Monday, February 23, 2009
Devlalikar Fine Arts College, Indore
At the Sasakiya Lalit Kala Sansthan (Fine Arts Education Institute), Indore, Madhya Pradesh, a group show of seventy six artists is on. A hoarding outside the hall says that the Chief Minister of Madhya Pradesh dedicates this gallery to the people of Indore on 9th January 2009. We are here in Indore on the last day of the show. Inside the gallery that reminds you of a little theatre in two floors, seventy six works are displayed. Most of them are abstract in nature but do not look naïve or amateurish. Skill and profession are visible. An urge for experimenting with different techniques and abstract styles is quite palpable in these works. Out there in the front courtyard, the students of Devlalikar Kala Vidhika (Devlalikar Arts Centre), which is the famous fine arts education institute in Indore, display their works in a long makeshift gallery. One can see the affiliations and stylistic continuity in these works too.
This exhibition, which is titled ‘Aarambh’ (The Beginning) has a lot of energy. Perhaps, we have not heard these artists’ names before. They are all the alumni of the same institute. Many have established themselves as full time professional artists in Indore itself and elsewhere in the country. We are here on a Sunday, still we find a few artists sitting and discussing several things at the veranda of the gallery. Local people and tourists come and go. Unlike the other cities that we have visited earlier, here we find a different ambience. People are interested in art.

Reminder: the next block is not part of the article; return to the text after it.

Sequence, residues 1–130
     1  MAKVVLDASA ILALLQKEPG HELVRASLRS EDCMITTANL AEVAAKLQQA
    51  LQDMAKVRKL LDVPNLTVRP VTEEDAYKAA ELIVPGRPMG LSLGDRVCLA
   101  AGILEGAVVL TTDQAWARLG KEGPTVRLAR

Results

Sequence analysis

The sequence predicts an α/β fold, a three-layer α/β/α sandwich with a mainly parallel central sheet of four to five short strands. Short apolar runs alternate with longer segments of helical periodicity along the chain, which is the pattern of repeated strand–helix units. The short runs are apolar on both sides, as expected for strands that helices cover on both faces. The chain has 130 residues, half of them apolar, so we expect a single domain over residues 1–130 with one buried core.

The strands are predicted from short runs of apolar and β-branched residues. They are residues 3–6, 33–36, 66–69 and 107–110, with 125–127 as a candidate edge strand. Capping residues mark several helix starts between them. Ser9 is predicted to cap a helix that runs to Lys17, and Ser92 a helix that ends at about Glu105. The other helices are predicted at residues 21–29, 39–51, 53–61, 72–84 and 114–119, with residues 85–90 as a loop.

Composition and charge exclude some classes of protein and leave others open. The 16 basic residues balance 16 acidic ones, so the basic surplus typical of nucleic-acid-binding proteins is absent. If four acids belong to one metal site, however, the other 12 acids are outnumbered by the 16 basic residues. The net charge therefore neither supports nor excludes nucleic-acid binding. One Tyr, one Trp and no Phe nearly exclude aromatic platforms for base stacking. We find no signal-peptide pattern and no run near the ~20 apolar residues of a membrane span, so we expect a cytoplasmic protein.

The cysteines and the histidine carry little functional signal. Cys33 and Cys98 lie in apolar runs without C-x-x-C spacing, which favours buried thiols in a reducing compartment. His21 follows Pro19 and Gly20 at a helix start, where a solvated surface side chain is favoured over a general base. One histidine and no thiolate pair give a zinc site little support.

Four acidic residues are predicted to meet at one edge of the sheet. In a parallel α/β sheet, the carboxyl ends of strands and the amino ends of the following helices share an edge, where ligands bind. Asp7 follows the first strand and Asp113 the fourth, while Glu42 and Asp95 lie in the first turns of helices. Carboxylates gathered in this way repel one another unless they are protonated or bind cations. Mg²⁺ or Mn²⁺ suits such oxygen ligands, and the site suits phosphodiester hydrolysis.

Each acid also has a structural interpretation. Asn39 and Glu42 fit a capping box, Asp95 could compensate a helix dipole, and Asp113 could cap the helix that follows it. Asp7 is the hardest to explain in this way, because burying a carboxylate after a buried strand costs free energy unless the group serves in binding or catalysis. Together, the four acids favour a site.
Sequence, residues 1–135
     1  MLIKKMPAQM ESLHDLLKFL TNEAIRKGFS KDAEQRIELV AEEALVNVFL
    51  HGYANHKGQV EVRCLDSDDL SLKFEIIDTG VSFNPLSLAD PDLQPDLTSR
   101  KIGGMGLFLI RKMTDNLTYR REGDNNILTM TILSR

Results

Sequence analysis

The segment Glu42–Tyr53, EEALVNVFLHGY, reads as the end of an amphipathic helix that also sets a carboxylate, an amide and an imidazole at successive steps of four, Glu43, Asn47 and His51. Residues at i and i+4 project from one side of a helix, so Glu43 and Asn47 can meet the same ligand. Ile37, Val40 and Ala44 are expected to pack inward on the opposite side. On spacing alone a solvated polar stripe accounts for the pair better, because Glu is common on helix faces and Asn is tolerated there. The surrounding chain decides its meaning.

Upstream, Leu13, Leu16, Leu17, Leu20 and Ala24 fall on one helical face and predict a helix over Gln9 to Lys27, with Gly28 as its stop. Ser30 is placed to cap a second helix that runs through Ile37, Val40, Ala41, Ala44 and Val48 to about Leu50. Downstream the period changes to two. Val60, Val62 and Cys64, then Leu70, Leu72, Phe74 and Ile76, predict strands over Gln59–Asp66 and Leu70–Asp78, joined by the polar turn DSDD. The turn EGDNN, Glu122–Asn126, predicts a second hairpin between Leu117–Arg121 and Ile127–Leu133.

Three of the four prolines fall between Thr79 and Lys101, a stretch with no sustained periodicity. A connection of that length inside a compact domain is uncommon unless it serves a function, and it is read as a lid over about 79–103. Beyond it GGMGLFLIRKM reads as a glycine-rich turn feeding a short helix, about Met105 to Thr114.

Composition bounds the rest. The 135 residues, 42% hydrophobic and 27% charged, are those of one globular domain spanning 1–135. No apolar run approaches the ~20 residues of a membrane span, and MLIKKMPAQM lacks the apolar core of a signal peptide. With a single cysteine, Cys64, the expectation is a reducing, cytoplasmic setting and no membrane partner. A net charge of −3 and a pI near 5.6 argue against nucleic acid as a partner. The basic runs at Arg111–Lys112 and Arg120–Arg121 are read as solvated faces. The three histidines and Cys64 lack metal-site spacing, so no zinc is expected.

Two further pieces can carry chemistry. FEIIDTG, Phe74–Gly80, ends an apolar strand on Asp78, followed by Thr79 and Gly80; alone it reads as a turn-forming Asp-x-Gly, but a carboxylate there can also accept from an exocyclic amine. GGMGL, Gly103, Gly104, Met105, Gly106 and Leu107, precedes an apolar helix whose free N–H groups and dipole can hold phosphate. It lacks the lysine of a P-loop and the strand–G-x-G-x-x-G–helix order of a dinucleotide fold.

Devlalikar Kala Vidhika may not be as popular as Sir.J.J.School of Art or Santiniketan. However, those people who are deeply involved in the Indian art scene definitely know the name of this institute. It is here the legendary artist M.F.Husain spent his formative years. He was trained under Guru Damodar Dattatreya Devlalikar, who started this institute as a private art teaching centre in 1927. He taught artists like N.S.Bendre and D.J.Joshi. The institute became famous as these artists earned their names in due course of time. M.F.Husain became the most famous painter in India. N.S.Bendre helped establishing the Fine Arts Faculty, M.S.University, Baroda.
These artists took Devlalikar’s name all over the country. People in Madhya Pradesh, irrespective of their ‘city-loyalties’ admire the contribution of D.D.Devlalikar. Devlalikar to Indore is what Rabindranath Tagore is to Santiniketan.
Amit Gupta, a young artist in his early thirties who currently works in Delhi is in Indore for participating in the ongoing show. He is an alumnus of this college. “Devlalikar started this academy in 1927 in a small building right across the road,” he points at the other side of the busy road where all kinds of vehicles ply flouting all the possible logic of traffic.
“Later, Maharaja Holkar gave this building to Devlalikar to continue with his institute,” Amit continues.
The Holkar kings of Indore were seriously interested in art and they patronized many artists. Artists, writers, intellectuals and bureaucrats from Maharashtra region came to Indore to receive the Holkars’ patronage during the 19th century itself.
Right in the middle of the gallery, you see a bronze bust of Devlalikar. I remember the bust of Tagore done by Ram Kinker Baij. The reverence and energy of the artists who had done these busts are quite palpable.
The architecture of the gallery is interesting. It has two storeys. The ground level gallery is a neat white hall with slender pillars supporting the high ceiling. The second storey is just a balcony space that runs above the three sides of the hall below. I find a row of steps running along the balcony space. It obviously looks like a theatre.
“This building was the Navagraha Temple built by the Holkar family for the public of Indore. There used to be a lot of theatre and dance performances conducted during their reign. Basically it was a space for worship and art,” Ismail Lahiri, an alumnus of the institute, who now works as a cartoonist for the Dainik Jagaran newspaper.